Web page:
HAVING HAD their fingers burned last week, Castleford Tigers will be on red alert for this evening’s visit of relegation-threatened London Broncos.
Castleford’s assistant-coach Ryan Sheridan feels they should have been on the back of three successive wins, secure in Super League’s top-five and pushing for at least third spot. Instead, they are having to rebuild following a costly golden-point defeat at second-bottom Hull Kingston Rovers six days ago.
Tigers were unable to hang on to a 12-point lead in the second half and that was a warning of the danger posed by teams fighting for their top-flight lives.
Having already lost to lowly Huddersfield Giants and Leeds Rhinos – twice – this year, Sheridan insists there is no risk of complacency on the home side’s part today, despite a big home win over London less than two months ago.
“You can see there is a steely focus from the players and we have trained with an intensity and a purpose,” said Sheridan. “We know we shouldn’t really be responding to a defeat, we should be coming off a scrappy victory, but we’re not.
“Now we have got London who are fighting for survival and we know it is going to be a tough and challenging game. We have to be ready, physically and mentally, to combat their desperation.”
The end goal may be different, but Castleford’s need for points is just as urgent after they slipped to seventh on the ladder following last week’s loss.
“If you look at the table, it is tight in there,” Sheridan observed. “We have to go out and win every game to be in with a shout of being in and around the top-five.
“It is in our own hands and it starts against a London team who are desperate to stay up.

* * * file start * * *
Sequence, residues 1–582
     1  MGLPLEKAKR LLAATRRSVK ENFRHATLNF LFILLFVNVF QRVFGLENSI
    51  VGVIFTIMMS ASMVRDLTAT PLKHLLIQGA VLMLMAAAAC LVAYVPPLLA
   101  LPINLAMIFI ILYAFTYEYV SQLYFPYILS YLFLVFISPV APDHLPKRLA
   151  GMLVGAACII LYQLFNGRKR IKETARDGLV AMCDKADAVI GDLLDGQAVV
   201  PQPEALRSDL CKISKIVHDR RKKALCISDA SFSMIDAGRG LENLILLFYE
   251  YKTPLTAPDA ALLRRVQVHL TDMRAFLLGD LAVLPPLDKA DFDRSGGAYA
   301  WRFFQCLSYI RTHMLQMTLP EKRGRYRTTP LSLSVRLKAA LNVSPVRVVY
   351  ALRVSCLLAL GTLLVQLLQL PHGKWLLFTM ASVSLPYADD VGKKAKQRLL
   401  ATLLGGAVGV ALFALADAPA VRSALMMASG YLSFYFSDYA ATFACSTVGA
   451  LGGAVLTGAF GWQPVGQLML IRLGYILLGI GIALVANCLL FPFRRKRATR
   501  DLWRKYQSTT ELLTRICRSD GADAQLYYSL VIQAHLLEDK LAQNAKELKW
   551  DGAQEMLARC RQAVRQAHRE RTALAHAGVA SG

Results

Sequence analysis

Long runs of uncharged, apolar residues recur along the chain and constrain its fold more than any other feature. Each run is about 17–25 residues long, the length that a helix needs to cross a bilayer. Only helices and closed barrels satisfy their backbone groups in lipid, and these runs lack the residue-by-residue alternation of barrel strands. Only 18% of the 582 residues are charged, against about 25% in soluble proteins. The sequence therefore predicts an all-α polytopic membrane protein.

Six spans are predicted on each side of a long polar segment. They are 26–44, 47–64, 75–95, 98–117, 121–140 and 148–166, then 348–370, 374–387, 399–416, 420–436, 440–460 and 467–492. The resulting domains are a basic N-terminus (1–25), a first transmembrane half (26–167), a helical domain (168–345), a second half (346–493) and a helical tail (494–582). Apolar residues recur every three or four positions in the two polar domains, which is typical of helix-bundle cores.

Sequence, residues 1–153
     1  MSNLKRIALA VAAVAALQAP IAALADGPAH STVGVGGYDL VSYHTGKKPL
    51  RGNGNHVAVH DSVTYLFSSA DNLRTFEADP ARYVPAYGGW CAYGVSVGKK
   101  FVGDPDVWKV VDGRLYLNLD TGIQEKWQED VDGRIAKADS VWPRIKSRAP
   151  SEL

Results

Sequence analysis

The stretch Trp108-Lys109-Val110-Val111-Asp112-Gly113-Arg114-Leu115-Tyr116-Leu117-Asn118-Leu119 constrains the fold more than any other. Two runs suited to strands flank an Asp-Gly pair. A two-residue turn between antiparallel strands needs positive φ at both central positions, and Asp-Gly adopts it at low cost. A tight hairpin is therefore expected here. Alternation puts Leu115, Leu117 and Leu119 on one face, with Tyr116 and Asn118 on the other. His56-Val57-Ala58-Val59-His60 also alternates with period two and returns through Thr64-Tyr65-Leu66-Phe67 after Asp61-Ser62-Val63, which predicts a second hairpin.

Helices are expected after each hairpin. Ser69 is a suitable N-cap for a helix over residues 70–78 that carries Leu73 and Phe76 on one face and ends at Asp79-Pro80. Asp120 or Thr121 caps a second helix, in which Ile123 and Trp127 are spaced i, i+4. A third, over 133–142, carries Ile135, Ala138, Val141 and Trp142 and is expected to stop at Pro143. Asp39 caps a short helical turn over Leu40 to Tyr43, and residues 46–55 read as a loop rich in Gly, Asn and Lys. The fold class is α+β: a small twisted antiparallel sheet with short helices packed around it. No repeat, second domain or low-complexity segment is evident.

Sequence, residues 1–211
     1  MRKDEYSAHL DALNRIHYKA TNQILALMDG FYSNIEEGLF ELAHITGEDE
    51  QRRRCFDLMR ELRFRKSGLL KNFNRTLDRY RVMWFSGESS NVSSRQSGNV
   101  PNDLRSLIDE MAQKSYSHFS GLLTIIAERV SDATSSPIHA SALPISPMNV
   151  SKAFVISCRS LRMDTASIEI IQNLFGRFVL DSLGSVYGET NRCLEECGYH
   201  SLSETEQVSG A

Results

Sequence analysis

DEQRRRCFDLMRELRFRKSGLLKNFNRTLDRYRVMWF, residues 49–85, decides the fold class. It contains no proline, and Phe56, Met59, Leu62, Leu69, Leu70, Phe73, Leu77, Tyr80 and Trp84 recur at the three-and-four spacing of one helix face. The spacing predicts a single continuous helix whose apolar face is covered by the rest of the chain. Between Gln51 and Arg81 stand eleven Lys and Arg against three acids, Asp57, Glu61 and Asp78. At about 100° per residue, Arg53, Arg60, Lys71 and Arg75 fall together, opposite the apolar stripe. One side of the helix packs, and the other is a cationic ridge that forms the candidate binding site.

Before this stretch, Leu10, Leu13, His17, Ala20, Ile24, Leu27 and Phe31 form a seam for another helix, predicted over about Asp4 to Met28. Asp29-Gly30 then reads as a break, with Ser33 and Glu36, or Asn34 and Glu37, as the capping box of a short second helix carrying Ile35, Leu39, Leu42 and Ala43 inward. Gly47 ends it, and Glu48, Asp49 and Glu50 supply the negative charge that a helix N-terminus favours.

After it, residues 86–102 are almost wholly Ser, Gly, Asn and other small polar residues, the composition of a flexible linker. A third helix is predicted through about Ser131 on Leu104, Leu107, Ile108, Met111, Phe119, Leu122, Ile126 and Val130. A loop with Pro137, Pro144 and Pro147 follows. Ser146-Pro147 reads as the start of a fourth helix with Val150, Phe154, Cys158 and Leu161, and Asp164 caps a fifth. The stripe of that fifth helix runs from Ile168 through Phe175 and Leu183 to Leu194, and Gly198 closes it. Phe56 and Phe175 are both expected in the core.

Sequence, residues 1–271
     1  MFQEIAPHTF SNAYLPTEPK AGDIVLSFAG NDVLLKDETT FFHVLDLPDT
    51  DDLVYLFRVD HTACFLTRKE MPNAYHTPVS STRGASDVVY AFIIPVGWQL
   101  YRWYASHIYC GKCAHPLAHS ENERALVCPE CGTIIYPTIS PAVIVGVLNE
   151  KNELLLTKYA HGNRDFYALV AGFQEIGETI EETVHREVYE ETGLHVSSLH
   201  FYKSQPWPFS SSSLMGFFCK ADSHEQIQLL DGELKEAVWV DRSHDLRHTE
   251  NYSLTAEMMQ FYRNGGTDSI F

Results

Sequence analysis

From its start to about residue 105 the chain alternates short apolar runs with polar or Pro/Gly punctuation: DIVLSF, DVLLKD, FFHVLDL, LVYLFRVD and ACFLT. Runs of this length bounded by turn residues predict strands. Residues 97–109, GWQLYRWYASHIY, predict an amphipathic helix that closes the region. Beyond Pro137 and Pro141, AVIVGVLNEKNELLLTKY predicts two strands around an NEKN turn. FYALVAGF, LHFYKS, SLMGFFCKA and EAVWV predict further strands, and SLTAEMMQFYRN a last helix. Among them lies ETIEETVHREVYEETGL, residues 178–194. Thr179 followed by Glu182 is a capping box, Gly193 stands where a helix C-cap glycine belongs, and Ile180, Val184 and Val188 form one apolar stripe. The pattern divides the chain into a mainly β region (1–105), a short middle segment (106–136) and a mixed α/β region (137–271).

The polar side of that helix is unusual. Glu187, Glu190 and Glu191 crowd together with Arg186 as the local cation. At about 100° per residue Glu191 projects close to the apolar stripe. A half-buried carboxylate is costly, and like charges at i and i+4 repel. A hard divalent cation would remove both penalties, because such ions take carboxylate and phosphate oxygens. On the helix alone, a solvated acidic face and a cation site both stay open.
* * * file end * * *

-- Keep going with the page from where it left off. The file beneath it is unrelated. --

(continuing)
“They have been great all year, they are a challenging team who throw the ball around and they have got some good players in there. We have to make sure we put in a performance.”
The big lesson from last week, Sheridan says, was how to close out a game from a winning position.
Having battled back from 12-0 down early on, Castleford, whose influential prop Liam Watts suffered finger and ankle injuries which could sideline him for a month, led 26-14 midway through the second period, but were unable to hang on.
They are likely to face more close, hard-fought contests if they do make it into the play-offs and Sheridan feels last week could prove a valuable, if painful, experience.
He reflected: “We were in positions to win the game; we threw away a 12-point lead and we missed a kick for goal, then we missed opportunities to go for a couple of drop goals.
“That’s through our game management and being able to deal with pressure. We felt we should not have been in that position. We didn’t play great, but we were in a position to win the game and we threw it away.
“We have got to keep practicing and make sure if we are in that position again we come out on top, with a victory. We have to keep learning lessons.”